I recently started walking to work occasionally, but it’s still only once in a blue moon.
Students read in the IELTS public band descriptors that band 7 candidates can use ‘idiomatic language’, and so they head for the nearest idioms dictionary and start writing things like ‘once in a blue moon‘, or ‘a bird in the hand is worth 2 in the bush‘, but in the wrong contexts!
In this post we take a look at what the IELTS test means by ‘idiomatic language’. Continue reading
Some people claim that working hours for labours in factories are too long.
Here an Indonesian student is trying to find a synonym for ‘worker‘. Unfortunately the hierarchy of ‘work‘ is labelled differently in English.
In English a ‘labourer‘ (‘labour‘ + ‘er‘) does work that distinguish him or her from other kinds of worker:
- Labourers are usually unskilled.
- Labourers often have to use physical strength because their work requires them to lift and carry things.
- The work of labourers is generally outdoor work.
- Labouring is often dirty work.
- Labouring is not very well paid in most countries.
Here are some pictures of ‘labourers‘.
If you want to use a synonym for ‘worker’ then try to consider:
- where the work takes place
- the level of skill involved
- the salary it attracts
These considerations will lead you to a more accurate label for the work you are talking or writing about. In IELTS a more accurate label is also likely to get you a higher score for Lexical Resource (vocabulary).
This dictionary entry offers a wide selection of labels for different kinds of work.
Other word forms and idioms
Labourer – the person (countable)
Labour – noun (uncountable, abstract meaning)
Labour – verb
Laborious – adjective (Sometimes skilled work can be ‘laborious’, especially if it requires physical effort or is repetitive).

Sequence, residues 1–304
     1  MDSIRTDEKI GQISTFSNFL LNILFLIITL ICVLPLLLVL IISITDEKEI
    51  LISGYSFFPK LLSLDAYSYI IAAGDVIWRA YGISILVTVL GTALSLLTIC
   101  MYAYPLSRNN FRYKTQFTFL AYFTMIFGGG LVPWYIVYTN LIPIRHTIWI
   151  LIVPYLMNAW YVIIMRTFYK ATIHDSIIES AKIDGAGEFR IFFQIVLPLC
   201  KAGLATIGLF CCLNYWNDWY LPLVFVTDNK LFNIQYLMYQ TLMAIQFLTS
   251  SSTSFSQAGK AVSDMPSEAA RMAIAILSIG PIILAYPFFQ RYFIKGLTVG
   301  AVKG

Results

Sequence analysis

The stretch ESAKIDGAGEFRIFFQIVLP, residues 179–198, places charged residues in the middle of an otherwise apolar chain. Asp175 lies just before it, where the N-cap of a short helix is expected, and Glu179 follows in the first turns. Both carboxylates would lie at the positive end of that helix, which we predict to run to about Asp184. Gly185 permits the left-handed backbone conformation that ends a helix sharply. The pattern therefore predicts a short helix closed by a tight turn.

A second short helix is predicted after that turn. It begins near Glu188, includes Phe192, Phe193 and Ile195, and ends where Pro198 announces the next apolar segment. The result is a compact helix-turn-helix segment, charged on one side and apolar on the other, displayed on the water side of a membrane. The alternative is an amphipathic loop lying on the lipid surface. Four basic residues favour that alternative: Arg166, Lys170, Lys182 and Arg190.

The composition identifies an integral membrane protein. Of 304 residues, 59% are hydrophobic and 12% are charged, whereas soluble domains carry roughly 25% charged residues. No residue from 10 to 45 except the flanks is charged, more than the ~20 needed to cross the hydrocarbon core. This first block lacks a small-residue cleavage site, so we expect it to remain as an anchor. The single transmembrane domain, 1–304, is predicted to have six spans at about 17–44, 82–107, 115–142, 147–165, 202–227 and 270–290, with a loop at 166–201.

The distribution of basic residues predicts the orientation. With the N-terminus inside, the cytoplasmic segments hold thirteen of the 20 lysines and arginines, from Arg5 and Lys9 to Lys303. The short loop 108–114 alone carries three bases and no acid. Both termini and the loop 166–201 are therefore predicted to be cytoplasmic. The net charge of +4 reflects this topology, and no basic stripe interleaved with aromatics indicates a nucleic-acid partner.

Hard labour – A form of punishment used by tyrannical governments, often for political prisoners. If my work feels like hard labour, it’s very hard work!
In labour – Giving birth!
Labour over something – Work extra hard at a task.
Famous people are followed everywhere by the press. Their families sometimes feel they have to hide from reporters, and the children of famous people may feel that they are living behind the bar.
Here, again, we have a breakdown in communication caused by inaccurate use of articles.
Remember that for any noun there are 3 possible meanings:
- all of them everywhere (or all of it for non-count nouns)
- one of many (or some of many for plurals)
- this one exactly (or these exactly for plurals)
I think the writer of the opening example meant to describe the bars in a prison, and was trying to use the idiom ‘behind bars‘ (grammar = some of many).
- ‘the‘ indicates this one exactly. If you are talking idiomatically about a prison window then that doesn’t look right. If there’s only one bar and unless it’s a very small window – or a very large bar – then the prisoner will be able to escape easily!
- Meanwhile ‘the bar‘ has very strong connotations with the part of a pub or restaurant where people sit to drink alcohol. Add ‘behind‘ and you get ‘behind the bar‘ – the area where drinks are stored and where the bar staff prepare drinks for customers. Clearly this is not a suitable place for children!
I’m pretty sure the writer meant something like this:
- Famous people are followed everywhere by the press. Their families sometimes feel they have to hide from reporters, and the children of famous people may feel that they are living behind bars.
Now the text carries two correct meanings:
- The ‘s‘ on ‘bars‘ gives us the grammatical meaning some of many – so, more than one bar. (high score in IELTS writing for grammar)
- ‘behind bars‘ is an idiom – we don’t imagine the children actually in prison, they’re just ‘trapped‘ somehow, or their movements are restricted. (high score in IELTS writing for vocabulary)
Be careful with your meanings and choose articles (or ‘s‘) with care!